Collaborating Authors

Semi-Supervised Learning with Scarce Annotations Machine Learning

While semi-supervised learning (SSL) algorithms provide an efficient way to make use of both labelled and unlabelled data, they generally struggle when the number of annotated samples is very small. In this work, we consider the problem of SSL multi-class classification with very few labelled instances. We introduce two key ideas. The first is a simple but effective one: we leverage the power of transfer learning among different tasks and self-supervision to initialize a good representation of the data without making use of any label. The second idea is a new algorithm for SSL that can exploit well such a pre-trained representation. The algorithm works by alternating two phases, one fitting the labelled points and one fitting the unlabelled ones, with carefully-controlled information flow between them. The benefits are greatly reducing overfitting of the labelled data and avoiding issue with balancing labelled and unlabelled losses during training. We show empirically that this method can successfully train competitive models with as few as 10 labelled data points per class. More in general, we show that the idea of bootstrapping features using self-supervised learning always improves SSL on standard benchmarks. We show that our algorithm works increasingly well compared to other methods when refining from other tasks or datasets.

Semi-Supervised Learning of Visual Features by Non-Parametrically Predicting View Assignments with Support Samples Artificial Intelligence

This paper proposes a novel method of learning by predicting view assignments with support samples (PAWS). The method trains a model to minimize a consistency loss, which ensures that different views of the same unlabeled instance are assigned similar pseudo-labels. The pseudo-labels are generated non-parametrically, by comparing the representations of the image views to those of a set of randomly sampled labeled images. The distance between the view representations and labeled representations is used to provide a weighting over class labels, which we interpret as a soft pseudo-label. By non-parametrically incorporating labeled samples in this way, PAWS extends the distance-metric loss used in self-supervised methods such as BYOL and SwAV to the semi-supervised setting. Despite the simplicity of the approach, PAWS outperforms other semi-supervised methods across architectures, setting a new state-of-the-art for a ResNet-50 on ImageNet trained with either 10% or 1% of the labels, reaching 75.5% and 66.5% top-1 respectively. PAWS requires 4x to 12x less training than the previous best methods.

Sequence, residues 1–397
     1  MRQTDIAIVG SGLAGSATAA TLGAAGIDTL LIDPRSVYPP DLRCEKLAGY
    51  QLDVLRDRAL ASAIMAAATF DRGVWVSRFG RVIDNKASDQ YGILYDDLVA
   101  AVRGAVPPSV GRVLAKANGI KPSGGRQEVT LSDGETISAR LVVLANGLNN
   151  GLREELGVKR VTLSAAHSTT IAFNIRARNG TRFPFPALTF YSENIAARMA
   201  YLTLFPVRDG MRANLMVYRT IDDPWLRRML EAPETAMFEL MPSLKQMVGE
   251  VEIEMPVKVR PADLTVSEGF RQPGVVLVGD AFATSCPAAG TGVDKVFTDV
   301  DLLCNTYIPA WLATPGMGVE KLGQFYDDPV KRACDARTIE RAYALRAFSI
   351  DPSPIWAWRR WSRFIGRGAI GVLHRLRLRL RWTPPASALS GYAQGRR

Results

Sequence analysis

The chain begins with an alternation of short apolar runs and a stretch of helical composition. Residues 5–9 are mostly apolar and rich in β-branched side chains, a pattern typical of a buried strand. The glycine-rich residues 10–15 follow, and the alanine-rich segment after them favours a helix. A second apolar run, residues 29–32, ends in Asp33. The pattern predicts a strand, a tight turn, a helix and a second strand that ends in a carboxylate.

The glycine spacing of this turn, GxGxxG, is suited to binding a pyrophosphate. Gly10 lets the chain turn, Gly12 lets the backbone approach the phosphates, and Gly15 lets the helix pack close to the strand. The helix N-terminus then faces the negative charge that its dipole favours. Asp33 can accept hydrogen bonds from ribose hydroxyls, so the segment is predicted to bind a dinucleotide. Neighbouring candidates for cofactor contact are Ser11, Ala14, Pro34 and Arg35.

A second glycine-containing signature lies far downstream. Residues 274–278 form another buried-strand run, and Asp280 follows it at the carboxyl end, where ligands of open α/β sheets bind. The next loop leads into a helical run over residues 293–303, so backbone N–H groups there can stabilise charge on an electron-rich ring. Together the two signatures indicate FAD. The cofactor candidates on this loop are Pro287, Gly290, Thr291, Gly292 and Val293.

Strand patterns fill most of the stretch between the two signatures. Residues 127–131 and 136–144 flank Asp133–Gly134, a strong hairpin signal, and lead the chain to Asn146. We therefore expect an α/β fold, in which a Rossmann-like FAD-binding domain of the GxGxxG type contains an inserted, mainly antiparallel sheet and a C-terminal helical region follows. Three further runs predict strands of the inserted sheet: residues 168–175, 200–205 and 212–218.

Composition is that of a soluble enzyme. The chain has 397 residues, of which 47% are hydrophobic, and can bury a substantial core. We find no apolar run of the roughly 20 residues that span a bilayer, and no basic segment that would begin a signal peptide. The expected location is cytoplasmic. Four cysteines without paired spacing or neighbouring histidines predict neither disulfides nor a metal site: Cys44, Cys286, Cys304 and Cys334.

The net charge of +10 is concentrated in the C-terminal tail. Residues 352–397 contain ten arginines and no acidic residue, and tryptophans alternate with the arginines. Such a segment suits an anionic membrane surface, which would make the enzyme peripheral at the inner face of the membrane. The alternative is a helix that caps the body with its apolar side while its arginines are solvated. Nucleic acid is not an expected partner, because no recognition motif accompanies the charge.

Two Cycle Learning: Clustering Based Regularisation for Deep Semi-Supervised Classification Machine Learning

This works addresses the challenge of classification with minimal annotations. Obtaining annotated data is time consuming, expensive and can require expert knowledge. As a result, there is an acceleration towards semi-supervised learning (SSL) approaches which utilise large amounts of unlabelled data to improve classification performance. The vast majority of SSL approaches have focused on implementing the \textit{low-density separation assumption}, in which the idea is that decision boundaries should lie in low density regions. However, they have implemented this assumption by treating the dataset as a set of individual attributes rather than as a global structure, which limits the overall performance of the classifier. Therefore, in this work, we go beyond this implementation and propose a novel SSL framework called two-cycle learning. For the first cycle, we use clustering based regularisation that allows for improved decision boundaries as well as features that generalises well. The second cycle is set as a graph based SSL that take advantages of the richer discriminative features of the first cycle to significantly boost the accuracy of generated pseudo-labels. We evaluate our two-cycle learning method extensively across multiple datasets, outperforming current approaches.